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Re: Virtio in Xen on Arm (based on IOREQ concept)

On 21/07/2020 15:52, Oleksandr wrote:
> On 21.07.20 17:32, André Przywara wrote:
>> On 21/07/2020 14:43, Julien Grall wrote:
> Hello Andre, Julien
>>> (+ Andre)
>>> Hi Oleksandr,
>>> On 21/07/2020 13:26, Oleksandr wrote:
>>>> On 20.07.20 23:38, Stefano Stabellini wrote:
>>>>> For instance, what's your take on notifications with virtio-mmio? How
>>>>> are they modelled today? Are they good enough or do we need MSIs?
>>>> Notifications are sent from device (backend) to the driver (frontend)
>>>> using interrupts. Additional DM function was introduced for that
>>>> purpose xendevicemodel_set_irq_level() which results in
>>>> vgic_inject_irq() call.
>>>> Currently, if device wants to notify a driver it should trigger the
>>>> interrupt by calling that function twice (high level at first, then
>>>> low level).
>>> This doesn't look right to me. Assuming the interrupt is trigger when
>>> the line is high-level, the backend should only issue the hypercall once
>>> to set the level to high. Once the guest has finish to process all the
>>> notifications the backend would then call the hypercall to lower the
>>> interrupt line.
>>> This means the interrupts should keep firing as long as the interrupt
>>> line is high.
>>> It is quite possible that I took some shortcut when implementing the
>>> hypercall, so this should be corrected before anyone start to rely on
>>> it.
>> So I think the key question is: are virtio interrupts level or edge
>> triggered? Both QEMU and kvmtool advertise virtio-mmio interrupts as
>> edge-triggered.
>>  From skimming through the virtio spec I can't find any explicit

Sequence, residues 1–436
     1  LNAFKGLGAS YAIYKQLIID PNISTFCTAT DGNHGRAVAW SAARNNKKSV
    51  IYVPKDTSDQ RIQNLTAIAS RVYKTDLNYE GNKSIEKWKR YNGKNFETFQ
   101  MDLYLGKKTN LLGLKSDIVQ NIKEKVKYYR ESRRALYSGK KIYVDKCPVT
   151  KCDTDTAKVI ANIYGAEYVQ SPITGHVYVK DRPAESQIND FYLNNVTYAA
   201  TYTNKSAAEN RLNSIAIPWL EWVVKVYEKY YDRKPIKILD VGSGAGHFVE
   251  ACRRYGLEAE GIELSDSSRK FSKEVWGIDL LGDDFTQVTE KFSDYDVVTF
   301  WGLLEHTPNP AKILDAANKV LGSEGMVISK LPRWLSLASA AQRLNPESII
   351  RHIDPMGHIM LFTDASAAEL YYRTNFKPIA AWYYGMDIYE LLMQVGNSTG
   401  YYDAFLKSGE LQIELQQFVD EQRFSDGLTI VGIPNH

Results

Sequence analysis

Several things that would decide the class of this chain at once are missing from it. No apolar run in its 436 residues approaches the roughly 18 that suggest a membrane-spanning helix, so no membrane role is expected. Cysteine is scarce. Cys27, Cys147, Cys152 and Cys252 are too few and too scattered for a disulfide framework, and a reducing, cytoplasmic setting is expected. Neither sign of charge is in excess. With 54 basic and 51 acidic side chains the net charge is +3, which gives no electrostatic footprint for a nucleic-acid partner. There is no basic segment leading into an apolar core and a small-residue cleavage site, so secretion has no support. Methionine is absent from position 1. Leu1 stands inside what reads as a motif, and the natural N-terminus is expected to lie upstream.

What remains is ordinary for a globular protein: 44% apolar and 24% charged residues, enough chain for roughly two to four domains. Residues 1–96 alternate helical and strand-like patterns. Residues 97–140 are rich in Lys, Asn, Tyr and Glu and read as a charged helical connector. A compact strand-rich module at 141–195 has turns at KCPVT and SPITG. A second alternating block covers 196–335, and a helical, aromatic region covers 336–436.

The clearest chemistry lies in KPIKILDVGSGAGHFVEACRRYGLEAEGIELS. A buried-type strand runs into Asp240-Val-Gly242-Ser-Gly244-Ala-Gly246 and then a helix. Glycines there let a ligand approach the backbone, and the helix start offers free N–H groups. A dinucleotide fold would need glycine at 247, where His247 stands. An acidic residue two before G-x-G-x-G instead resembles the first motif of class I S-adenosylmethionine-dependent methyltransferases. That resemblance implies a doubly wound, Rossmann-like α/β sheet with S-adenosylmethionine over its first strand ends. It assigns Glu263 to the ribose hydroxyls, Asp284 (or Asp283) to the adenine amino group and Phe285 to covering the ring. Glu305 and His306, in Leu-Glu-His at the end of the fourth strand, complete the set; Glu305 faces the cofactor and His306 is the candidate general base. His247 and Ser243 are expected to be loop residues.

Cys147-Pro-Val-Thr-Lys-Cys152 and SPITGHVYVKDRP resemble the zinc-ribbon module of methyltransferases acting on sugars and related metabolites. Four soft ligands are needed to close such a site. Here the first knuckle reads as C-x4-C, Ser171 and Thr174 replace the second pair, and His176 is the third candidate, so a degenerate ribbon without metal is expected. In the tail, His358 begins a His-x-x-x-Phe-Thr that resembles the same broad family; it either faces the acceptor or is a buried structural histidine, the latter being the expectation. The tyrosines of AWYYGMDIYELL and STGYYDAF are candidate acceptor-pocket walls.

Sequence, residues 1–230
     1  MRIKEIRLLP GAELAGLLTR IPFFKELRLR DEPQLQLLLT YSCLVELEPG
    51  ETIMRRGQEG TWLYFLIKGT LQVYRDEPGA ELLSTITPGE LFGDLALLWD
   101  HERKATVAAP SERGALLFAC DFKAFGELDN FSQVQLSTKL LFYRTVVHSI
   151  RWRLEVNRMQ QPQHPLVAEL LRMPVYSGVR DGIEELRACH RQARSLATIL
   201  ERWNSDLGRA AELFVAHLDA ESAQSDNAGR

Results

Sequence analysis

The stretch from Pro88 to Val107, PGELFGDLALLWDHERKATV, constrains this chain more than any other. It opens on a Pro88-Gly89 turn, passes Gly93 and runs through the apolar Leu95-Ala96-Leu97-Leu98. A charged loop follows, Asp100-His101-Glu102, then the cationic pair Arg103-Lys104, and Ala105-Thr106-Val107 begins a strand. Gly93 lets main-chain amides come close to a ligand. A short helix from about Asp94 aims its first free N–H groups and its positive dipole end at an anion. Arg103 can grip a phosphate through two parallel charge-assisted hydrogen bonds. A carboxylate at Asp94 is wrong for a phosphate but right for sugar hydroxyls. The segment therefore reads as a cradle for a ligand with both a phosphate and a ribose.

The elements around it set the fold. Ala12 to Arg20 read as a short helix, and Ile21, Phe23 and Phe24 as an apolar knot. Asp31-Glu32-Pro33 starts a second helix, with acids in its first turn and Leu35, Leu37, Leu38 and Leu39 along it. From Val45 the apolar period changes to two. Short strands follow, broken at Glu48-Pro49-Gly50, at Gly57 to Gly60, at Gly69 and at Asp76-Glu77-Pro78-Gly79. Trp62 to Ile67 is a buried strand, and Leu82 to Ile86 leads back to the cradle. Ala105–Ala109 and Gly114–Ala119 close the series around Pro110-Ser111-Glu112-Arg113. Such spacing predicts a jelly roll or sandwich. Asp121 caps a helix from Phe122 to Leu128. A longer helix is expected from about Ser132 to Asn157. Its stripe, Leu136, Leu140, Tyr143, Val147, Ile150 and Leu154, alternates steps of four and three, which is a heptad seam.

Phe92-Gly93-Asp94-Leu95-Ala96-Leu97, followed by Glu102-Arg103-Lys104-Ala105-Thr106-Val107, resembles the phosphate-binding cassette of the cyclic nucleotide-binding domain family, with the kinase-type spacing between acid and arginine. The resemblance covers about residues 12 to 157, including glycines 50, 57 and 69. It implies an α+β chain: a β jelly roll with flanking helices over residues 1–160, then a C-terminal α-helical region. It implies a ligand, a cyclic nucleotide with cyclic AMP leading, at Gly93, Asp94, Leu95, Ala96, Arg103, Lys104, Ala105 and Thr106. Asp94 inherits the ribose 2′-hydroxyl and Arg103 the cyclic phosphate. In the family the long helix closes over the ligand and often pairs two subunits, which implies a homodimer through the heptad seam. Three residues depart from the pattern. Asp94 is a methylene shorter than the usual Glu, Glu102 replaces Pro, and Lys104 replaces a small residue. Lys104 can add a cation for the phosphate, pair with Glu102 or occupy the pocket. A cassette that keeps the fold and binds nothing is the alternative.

>> mentioning of the type of IRQ, but the usage of MSIs indeed hints at
>> using an edge property. Apparently reading the PCI ISR status register
>> clears it, which again sounds like edge. For virtio-mmio the driver
>> needs to explicitly clear the interrupt status register, which again
>> says: edge (as it's not the device clearing the status).
>> So the device should just notify the driver once, which would cause one
>> vgic_inject_irq() call. It would be then up to the driver to clear up
>> that status, by reading PCI ISR status or writing to virtio-mmio's
>> interrupt-acknowledge register.
>> Does that make sense?
> When implementing Xen backend, I didn't have an already working example
> so only guessed. I looked how kvmtool behaved when actually triggering
> the interrupt on Arm [1].
> Taking into the account that Xen PoC on Arm advertises [2] the same irq
> type (TYPE_EDGE_RISING) as kvmtool [3] I decided to follow the model of
> triggering an interrupt. Could you please explain, is this wrong?

Yes, kvmtool does a double call needlessly (on x86, ppc and arm, mips is
I just chased it down in the kernel, a KVM_IRQ_LINE ioctl with level=low
is ignored when the target IRQ is configured as edge (which it is,
because the DT says so), check vgic_validate_injection() in the kernel.

So you should only ever need one call to set the line "high" (actually:
trigger the edge pulse).


> [1]
> https://git.kernel.org/pub/scm/linux/kernel/git/will/kvmtool.git/tree/arm/gic.c#n418
> [2]
> https://github.com/xen-troops/xen/blob/ioreq_4.14_ml/tools/libxl/libxl_arm.c#L727
> [3]
> https://git.kernel.org/pub/scm/linux/kernel/git/will/kvmtool.git/tree/virtio/mmio.c#n270



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